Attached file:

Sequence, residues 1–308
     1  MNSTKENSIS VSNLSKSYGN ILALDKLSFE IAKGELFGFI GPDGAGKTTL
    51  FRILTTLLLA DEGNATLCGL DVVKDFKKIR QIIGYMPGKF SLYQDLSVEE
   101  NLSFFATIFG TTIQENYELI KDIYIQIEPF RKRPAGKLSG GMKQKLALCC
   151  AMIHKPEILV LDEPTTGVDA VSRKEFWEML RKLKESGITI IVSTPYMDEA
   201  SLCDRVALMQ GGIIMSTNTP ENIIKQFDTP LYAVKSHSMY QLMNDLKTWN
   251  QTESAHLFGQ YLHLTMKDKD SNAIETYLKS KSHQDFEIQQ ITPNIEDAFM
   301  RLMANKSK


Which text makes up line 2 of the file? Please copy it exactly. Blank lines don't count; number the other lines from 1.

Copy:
     1  MNSTKENSIS VSNLSKSYGN ILALDKLSFE IAKGELFGFI GPDGAGKTTL